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Managing Risk: Key Aspects of NIST’s Cybersecurity Framework Updates

By Will McNamara, Director, Black & Veatch Management Consulting, LLC

The National Institute of Standards and Technology (NIST) issued a draft update to its Cybersecurity Framework on 10 January 2017. The Framework, which was first published in 2014, reflects the voluntary guidelines to assist organizations in managing and reducing cybersecurity risk in the nation's critical infrastructure.

Introduction of Metrics and Measures

Perhaps the most important (and most controversial) update is the introduction of cybersecurity measurements and metrics. According to NIST, the importance of measurement and metrics is to correlate cybersecurity with business objectives and to understand and quantify the “cause-and-effect” of specific security activities.

It’s also important to understand the distinction between “metrics” and “measures” as defined in the NIST updates. According to NIST, metrics should be used to “facilitate decision-making and improve performance and accountability” within an organization. By comparison, measures are quantifiable, observable, and objective data that support the metrics used by the organization and are closely aligned with technical controls.

Black & Veatch recently held a webinar discussing how utility leaders can quantify their security and risk posture, using proven asset management practices, to justify security investments and demonstrate improvements. While the webinar was geared to power utility leaders, the information and approach is applicable to water and natural gas utilities.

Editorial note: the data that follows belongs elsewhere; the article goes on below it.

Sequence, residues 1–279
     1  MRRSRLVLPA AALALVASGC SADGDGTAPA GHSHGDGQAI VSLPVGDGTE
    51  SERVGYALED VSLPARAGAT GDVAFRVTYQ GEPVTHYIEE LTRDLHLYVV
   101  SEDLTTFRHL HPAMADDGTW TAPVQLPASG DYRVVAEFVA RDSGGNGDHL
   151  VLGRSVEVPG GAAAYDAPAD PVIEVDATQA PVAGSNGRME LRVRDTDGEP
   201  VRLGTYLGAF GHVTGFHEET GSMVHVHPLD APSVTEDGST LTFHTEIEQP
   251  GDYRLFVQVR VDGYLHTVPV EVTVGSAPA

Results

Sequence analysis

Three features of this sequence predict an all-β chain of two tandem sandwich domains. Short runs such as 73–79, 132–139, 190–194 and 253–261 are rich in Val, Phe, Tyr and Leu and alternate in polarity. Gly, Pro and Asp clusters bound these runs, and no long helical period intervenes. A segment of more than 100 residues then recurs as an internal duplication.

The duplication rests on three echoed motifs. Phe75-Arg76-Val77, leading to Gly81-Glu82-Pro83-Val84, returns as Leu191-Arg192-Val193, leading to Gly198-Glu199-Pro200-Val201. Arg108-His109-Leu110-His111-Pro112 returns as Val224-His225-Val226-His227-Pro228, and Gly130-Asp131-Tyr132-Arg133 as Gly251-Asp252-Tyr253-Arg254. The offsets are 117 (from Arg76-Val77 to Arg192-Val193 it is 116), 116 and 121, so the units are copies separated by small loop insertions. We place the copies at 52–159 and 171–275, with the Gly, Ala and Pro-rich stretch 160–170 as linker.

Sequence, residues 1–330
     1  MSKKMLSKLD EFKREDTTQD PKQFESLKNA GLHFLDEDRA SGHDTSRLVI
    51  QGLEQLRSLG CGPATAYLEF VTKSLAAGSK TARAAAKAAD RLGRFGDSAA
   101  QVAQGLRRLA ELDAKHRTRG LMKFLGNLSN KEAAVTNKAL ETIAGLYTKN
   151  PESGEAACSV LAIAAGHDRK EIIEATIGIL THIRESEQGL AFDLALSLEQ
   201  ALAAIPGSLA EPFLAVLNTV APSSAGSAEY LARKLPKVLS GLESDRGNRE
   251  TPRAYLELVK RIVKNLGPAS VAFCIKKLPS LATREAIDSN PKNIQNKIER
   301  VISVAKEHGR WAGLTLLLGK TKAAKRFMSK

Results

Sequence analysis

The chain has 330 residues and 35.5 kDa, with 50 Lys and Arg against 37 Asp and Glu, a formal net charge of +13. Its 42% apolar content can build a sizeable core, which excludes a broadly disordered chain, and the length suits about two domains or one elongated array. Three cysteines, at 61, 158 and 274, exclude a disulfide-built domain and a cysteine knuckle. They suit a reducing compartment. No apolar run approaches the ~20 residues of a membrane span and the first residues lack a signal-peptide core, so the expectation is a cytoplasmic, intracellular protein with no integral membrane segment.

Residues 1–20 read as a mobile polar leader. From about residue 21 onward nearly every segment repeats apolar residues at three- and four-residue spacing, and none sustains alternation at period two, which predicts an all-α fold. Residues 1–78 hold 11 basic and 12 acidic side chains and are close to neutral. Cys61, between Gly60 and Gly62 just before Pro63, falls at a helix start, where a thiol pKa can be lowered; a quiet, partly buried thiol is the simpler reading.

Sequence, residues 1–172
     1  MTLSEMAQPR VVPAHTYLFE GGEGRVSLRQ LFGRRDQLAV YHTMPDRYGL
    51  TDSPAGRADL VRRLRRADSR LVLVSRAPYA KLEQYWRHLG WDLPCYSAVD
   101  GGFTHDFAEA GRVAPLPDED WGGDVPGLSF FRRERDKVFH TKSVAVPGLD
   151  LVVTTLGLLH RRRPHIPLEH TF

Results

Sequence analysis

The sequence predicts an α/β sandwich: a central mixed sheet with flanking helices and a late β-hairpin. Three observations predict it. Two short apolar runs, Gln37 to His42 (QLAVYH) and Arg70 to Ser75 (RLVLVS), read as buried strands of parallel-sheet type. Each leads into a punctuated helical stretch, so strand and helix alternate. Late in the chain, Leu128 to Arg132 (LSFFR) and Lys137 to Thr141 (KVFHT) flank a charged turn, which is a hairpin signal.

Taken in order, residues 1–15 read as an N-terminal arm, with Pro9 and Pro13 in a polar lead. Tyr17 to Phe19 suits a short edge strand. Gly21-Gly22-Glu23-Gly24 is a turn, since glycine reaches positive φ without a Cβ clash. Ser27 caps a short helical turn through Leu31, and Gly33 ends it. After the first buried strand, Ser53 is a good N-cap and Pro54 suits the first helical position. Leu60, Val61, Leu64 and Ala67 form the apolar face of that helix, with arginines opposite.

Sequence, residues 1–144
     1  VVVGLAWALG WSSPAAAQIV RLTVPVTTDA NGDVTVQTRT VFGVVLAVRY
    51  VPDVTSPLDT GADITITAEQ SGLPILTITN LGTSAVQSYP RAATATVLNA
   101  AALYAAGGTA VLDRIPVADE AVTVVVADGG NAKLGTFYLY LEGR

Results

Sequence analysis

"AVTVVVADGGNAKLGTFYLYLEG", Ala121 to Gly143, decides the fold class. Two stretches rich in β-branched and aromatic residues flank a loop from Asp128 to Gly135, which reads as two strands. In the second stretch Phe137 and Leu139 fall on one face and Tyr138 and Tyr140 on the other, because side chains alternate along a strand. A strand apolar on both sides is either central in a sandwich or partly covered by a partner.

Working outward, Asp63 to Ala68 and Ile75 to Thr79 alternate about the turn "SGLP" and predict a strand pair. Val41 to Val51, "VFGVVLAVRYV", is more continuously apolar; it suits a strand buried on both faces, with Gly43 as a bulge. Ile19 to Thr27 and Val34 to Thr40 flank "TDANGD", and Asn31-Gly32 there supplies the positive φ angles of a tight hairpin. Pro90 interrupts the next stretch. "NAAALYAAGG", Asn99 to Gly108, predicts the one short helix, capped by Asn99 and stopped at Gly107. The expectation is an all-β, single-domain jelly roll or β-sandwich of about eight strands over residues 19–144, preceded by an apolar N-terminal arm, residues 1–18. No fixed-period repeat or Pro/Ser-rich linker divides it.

Webinar: Justifying Security Investments

NIST Cybersecurity

While these updates can be viewed as a natural extension of the Framework, the inclusion of metrics and measures, for some, resemble steps toward mandating a process through a Framework that has been voluntary up to this point. This gray area between voluntary guidelines and the potential for mandates will likely be the focus of commentary received by NIST during the open period (the deadline to send comments to NIST is 10 April). NIST will hold a public workshop following the comment period. The next proposed update for the Cybersecurity Framework should be published in the fall of 2017.

Managing Supply Chain Risk

The draft update also included new details for managing cyber supply chain risks and introduced a standardized vocabulary for supply chain risk management terms. The standardize vocabulary is intended to help supply chain risk management collaborators coordinate cybersecurity efforts with external third parties.

Managing supply chain risks is critically important as utilities are increasingly dependent upon vendors to complete work. Considering many high-profile breaches within and outside the industry are tracked back to vendors, this must become a high priority for risk mitigation. If vendors are not taking proper protocols within their systems, their equipment should not be allowed on your network.

Value of the NIST Framework

The NIST Framework is built around five “Core Functions” that are intended to help organizations develop an operational culture that addresses enterprise cybersecurity risk. Those Core Functions, defined within the text of the Framework, are:

  1. Identify
  2. Protect
  3. Detect
  4. Respond
  5. Recover

Each core function includes three-to-six subcategories with definitions of specific activities such as “Risk Assessment,” “Awareness and Training” and “Response Planning.”

Black & Veatch encourages our clients and all utilities with critical physical and cyber assets to take steps to become compliant with the NIST framework, along with other industry standards, as part of a broader risk management program. 

@black_veatch